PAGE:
Just this year, just this once, September should have 28 days.
It would be so much more simple if Saturday was the first of October and not the 29th of September. Because September has not gone so well for the Cal football team.
The Bears opened the season — and their newly renovated stadium — with a last-minute loss to Nevada. The next week, they led FCS club Southern Utah by just three points before a fourth quarter scoring barrage that resulted in a win. A few mistakes amounted to a near-upset of Ohio State the next Saturday. A few more mistakes led to a ninth-straight loss to USC this past Saturday.
So with a 1-3 record, the Bears need to start anew. They need a fresh start. That new month would do the trick.
It would have been foolish to predict Cal would have a winning record through four games, not when the latter two were consecutive road games at Ohio State and USC — perhaps as difficult a back-to-back as there is in football. September was never going to be one to remember, not with that schedule.
But let’s round up and call it October now. With the new month might come crisp autumn winds to cool a heated fan base, the head coach’s hot seat and the glowing embers of a red zone Cal has been unable to master (just six touchdowns in 15 trips).
The Bears have eight games left this regular season. Other than the Oct. 20 Big Game, November holds what appears to be the other three most challenging matchups: visits from Washington and No. 2 Oregon and a trip to No. 18 Oregon State.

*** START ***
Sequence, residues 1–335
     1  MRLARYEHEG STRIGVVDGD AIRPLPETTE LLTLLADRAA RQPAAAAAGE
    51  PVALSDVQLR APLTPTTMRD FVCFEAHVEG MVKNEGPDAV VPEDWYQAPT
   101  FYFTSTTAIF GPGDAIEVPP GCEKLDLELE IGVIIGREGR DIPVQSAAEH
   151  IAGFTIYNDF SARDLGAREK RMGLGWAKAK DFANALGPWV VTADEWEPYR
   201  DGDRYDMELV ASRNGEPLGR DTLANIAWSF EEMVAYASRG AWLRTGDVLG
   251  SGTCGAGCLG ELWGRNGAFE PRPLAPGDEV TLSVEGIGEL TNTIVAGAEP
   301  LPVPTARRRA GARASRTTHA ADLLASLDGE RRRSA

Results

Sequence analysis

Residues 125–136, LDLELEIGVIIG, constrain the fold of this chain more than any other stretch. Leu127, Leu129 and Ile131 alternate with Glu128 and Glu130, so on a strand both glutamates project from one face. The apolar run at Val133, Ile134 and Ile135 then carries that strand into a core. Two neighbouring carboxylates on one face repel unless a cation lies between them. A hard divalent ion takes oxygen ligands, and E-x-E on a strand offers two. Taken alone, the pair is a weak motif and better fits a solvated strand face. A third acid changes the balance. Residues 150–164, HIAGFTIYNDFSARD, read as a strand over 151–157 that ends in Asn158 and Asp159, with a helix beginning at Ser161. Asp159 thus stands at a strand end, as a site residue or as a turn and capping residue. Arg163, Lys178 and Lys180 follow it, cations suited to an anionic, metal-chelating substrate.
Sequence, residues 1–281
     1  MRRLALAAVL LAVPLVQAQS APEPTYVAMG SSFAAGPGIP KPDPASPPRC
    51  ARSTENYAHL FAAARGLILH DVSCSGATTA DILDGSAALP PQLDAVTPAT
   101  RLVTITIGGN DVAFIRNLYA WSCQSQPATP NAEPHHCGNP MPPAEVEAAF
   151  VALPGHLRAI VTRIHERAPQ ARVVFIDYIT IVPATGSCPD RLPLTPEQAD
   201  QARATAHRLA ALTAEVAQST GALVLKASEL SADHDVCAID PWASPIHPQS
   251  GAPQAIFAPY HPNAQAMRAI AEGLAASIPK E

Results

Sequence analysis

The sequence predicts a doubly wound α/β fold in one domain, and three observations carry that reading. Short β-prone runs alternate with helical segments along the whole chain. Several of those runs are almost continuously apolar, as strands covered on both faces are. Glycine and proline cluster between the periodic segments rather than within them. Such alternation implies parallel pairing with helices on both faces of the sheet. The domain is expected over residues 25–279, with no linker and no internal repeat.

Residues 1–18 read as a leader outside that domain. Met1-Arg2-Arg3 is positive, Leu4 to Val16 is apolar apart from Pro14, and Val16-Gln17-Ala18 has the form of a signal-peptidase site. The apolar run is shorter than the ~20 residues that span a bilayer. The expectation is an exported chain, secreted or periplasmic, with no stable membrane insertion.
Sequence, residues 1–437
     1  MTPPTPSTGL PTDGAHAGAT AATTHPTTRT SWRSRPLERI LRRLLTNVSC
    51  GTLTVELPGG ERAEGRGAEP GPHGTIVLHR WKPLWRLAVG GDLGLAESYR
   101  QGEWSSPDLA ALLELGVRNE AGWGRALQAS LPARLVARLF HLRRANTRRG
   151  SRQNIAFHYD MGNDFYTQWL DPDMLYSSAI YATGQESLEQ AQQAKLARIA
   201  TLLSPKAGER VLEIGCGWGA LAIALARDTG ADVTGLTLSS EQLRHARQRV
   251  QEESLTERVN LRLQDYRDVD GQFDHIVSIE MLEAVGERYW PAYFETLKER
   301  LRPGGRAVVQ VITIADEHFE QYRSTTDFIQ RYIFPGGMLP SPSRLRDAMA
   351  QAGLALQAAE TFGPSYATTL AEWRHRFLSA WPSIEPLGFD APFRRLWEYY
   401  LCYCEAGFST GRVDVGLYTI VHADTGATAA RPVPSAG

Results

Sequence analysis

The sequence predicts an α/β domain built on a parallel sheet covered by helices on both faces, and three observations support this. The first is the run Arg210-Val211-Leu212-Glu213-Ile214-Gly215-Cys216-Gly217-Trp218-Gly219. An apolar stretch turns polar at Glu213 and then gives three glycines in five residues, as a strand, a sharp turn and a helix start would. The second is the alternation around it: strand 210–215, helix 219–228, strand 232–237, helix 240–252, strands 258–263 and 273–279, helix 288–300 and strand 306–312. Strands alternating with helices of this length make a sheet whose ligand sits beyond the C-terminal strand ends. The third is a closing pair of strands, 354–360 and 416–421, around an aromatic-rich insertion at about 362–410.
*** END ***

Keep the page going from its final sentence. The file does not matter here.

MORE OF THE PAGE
That leaves October — which, remember, for our purposes, starts on Saturday — for Cal to make up for its slow start. It begins with Arizona State, a quality opponent but certainly a winnable game. On deck is UCLA, another team brimming with talent yet inconsistent and unproven on the road. Mind you, neither of those teams has beaten the Bears at home in the Jeff Tedford era. Then Cal heads to Pullman to take on Washington State, a squad that last defeated the Bears in 2002.
There is no reason Cal can’t win three in a row and enter the Big Game with a winning record. Add another “W” for the Utah game — the Utes’ starting quarterback retired from football and the squad lost to the Bears by 24 points last season — and suddenly we’re looking at Cal team that could be 5-4 — or dare I say 6-3 — entering November.
Except there are a lot of reasons why Cal might not win its next three games in a row. The Bears have shown flashes of brilliances — see minutes 5 through 56 of the Ohio State game — before fizzling. “We have good drives or quarters, but sometimes we fall apart,” said cornerback Steve Williams. “We just got to hold through the whole game.”
Easier said than done.
For all Zach Maynard’s inconsistencies (four touchdowns passes, four interceptions on the season), the senior quarterback has not always received a lot of help. His offensive line gave up nine sacks against USC, while his run game gained just 77 yards.
“It’s not just quarterback play,” Tedford said. “He’s not perfect by any means, but he’s played under heavy duress the last couple games … It’s on everyone.”
It starts with the opening whistle. Cal is getting outscored 37-7 in first quarters this season, putting the Bears in holes they have only once been able to dig themselves out of.
Then again, Cal is crushing opponents, 40-7, in third quarters. For all the criticism Tedford and company have received on Twitter, blogs and Tightwad Hill, the squad has clearly made mid-game adjustments that have turned the tide in all four games.
Now, like Williams said, the Bears just need to put it together for 60 minutes.
They’ll have an extra two days this October.
Jonathan Kuperberg covers football. Contact him at [email protected]
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